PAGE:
No wonder many people still believe Obama was born in Kenya, not Hawaii, as his birth certificate shows; or that he is a Muslim, when in fact he is a Christian; or that he is a socialist when day by day he shows an eager solicitude for corporate capitalism. Partisans in particular - and the audiences for Murdoch’s Fox News and talk radio - are particularly susceptible to such scurrilous disinformation. In a Harris survey last spring, 67 percent of Republicans said Obama is a socialist; 57 percent believed him to be a Muslim; 45 percent refused to believe he was born in America; and 24 percent said he “may be the antichrist.”

What’s even worse is that the most misinformed people (the most gullible, the most fanatical, perhaps) are the ones who vote the most reliably. The Creationists. The people making $40,000 a year who support tax cuts for billionaires to the detriment of their own lives and their kids’ schools. People with no healthcare who protest against it at Tea-party rallies. An entire voting bloc of people who do not believe in what others would deem objective reality. THAT, dear readers, is at base, what we are dealing with in America today and it’s a problem that’s here to stay. You might say it’s the red, white and blue brontosaurus in the room that no one wants to talk about: The willful ignorance of America’s right.

The Boston Globe article that Bill Moyers cites, Joe Keohane’s “How facts backfire: Researchers discover a surprising threat to democracy: our brains” is an absolute must-read. I’m surprised that there wasn’t a bigger fuss made of this information by the liberal media when it was published last year.  Here’s a link to the entire article, and some highlights:

This bodes ill for a democracy, because most voters — the people making decisions about how the country runs — aren’t blank slates. They already have beliefs, and a set of facts lodged in their minds. The problem is that sometimes the things they think they know are objectively, provably false. And in the presence of the correct information, such people react very, very differently than the merely uninformed. Instead of changing their minds to reflect the correct information, they can entrench themselves even deeper.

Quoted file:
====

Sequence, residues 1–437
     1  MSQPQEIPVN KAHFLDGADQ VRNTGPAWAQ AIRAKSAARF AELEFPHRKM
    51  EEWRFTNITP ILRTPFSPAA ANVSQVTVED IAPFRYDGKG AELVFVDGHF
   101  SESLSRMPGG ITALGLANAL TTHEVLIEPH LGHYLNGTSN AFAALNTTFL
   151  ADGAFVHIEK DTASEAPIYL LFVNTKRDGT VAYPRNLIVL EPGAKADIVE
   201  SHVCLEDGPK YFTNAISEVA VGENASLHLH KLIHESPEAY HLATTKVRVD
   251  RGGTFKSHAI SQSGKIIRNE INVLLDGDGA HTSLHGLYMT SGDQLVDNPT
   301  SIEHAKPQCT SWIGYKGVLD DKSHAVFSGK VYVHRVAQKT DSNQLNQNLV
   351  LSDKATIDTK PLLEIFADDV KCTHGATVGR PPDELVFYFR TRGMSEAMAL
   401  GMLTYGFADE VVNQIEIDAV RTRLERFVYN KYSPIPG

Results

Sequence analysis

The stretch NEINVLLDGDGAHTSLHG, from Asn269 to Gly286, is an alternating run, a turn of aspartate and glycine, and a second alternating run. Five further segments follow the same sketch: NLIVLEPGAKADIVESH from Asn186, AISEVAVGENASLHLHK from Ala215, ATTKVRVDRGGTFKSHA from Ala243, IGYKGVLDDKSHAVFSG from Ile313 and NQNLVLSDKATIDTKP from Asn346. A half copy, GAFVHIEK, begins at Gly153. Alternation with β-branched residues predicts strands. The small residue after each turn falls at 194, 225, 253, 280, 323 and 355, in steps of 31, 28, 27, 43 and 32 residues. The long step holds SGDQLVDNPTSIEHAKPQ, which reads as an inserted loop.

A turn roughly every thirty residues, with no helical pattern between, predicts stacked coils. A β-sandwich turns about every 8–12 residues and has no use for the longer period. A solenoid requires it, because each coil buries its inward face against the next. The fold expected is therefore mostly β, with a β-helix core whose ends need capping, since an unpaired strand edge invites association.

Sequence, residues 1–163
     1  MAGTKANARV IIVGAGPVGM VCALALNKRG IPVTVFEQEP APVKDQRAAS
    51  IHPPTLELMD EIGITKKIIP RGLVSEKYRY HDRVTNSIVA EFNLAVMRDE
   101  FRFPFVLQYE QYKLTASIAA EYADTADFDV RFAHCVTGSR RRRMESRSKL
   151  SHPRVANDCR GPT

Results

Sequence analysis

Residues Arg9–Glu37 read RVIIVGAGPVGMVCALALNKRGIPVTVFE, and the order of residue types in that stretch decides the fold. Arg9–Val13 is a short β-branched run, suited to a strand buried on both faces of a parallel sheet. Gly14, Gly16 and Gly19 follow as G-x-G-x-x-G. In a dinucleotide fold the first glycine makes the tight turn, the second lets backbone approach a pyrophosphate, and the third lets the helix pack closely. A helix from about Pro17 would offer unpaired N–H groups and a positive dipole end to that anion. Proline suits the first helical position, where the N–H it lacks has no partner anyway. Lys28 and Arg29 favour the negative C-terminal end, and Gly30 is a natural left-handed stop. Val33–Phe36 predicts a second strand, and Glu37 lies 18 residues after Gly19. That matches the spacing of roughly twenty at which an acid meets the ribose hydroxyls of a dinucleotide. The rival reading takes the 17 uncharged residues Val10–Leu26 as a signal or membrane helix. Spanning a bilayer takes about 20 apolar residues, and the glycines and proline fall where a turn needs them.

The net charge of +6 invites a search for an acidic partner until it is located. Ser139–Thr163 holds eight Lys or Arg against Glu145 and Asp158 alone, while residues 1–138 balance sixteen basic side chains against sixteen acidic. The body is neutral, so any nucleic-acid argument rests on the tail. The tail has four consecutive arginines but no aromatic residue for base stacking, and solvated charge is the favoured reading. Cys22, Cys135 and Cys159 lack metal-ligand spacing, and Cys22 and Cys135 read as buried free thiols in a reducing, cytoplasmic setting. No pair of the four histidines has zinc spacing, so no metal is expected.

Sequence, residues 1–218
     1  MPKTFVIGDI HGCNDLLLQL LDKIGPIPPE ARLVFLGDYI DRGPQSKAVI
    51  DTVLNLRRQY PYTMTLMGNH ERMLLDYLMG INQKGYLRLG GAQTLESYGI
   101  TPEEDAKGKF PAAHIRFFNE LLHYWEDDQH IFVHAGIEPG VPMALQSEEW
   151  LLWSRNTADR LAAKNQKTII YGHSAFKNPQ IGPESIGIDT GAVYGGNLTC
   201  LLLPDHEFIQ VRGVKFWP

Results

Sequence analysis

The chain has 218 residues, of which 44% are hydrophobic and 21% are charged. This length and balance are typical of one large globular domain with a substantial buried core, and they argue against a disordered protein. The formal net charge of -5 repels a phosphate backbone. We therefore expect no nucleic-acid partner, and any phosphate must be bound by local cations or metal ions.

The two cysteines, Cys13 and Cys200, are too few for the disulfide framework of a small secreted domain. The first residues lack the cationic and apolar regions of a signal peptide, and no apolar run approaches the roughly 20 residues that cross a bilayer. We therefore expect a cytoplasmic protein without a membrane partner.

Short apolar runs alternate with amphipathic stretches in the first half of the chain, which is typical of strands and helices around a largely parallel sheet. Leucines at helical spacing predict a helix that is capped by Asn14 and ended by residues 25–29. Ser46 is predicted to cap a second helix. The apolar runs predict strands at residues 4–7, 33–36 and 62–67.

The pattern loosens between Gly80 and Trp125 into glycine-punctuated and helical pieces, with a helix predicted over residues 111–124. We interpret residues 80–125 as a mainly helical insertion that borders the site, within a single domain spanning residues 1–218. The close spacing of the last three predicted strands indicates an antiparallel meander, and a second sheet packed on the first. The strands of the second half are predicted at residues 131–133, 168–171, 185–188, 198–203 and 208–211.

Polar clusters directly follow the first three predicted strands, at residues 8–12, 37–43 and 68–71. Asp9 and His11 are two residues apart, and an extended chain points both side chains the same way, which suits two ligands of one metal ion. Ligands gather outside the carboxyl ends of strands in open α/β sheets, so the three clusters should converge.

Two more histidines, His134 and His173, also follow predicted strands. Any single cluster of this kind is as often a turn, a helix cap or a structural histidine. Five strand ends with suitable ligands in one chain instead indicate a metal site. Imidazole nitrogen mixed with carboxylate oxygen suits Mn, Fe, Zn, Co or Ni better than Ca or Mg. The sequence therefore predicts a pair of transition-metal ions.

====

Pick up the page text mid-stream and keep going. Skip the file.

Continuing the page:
“The general idea is that it’s absolutely threatening to admit you’re wrong,” says political scientist Brendan Nyhan, the lead researcher on the Michigan study. The phenomenon — known as “backfire” — is “a natural defense mechanism to avoid that cognitive dissonance.”

These findings open a long-running argument about the political ignorance of American citizens to broader questions about the interplay between the nature of human intelligence and our democratic ideals. Most of us like to believe that our opinions have been formed over time by careful, rational consideration of facts and ideas, and that the decisions based on those opinions, therefore, have the ring of soundness and intelligence. In reality, we often base our opinions on our beliefs, which can have an uneasy relationship with facts. And rather than facts driving beliefs, our beliefs can dictate the facts we chose to accept. They can cause us to twist facts so they fit better with our preconceived notions. Worst of all, they can lead us to uncritically accept bad information just because it reinforces our beliefs. This reinforcement makes us more confident we’re right, and even less likely to listen to any new information. And then we vote.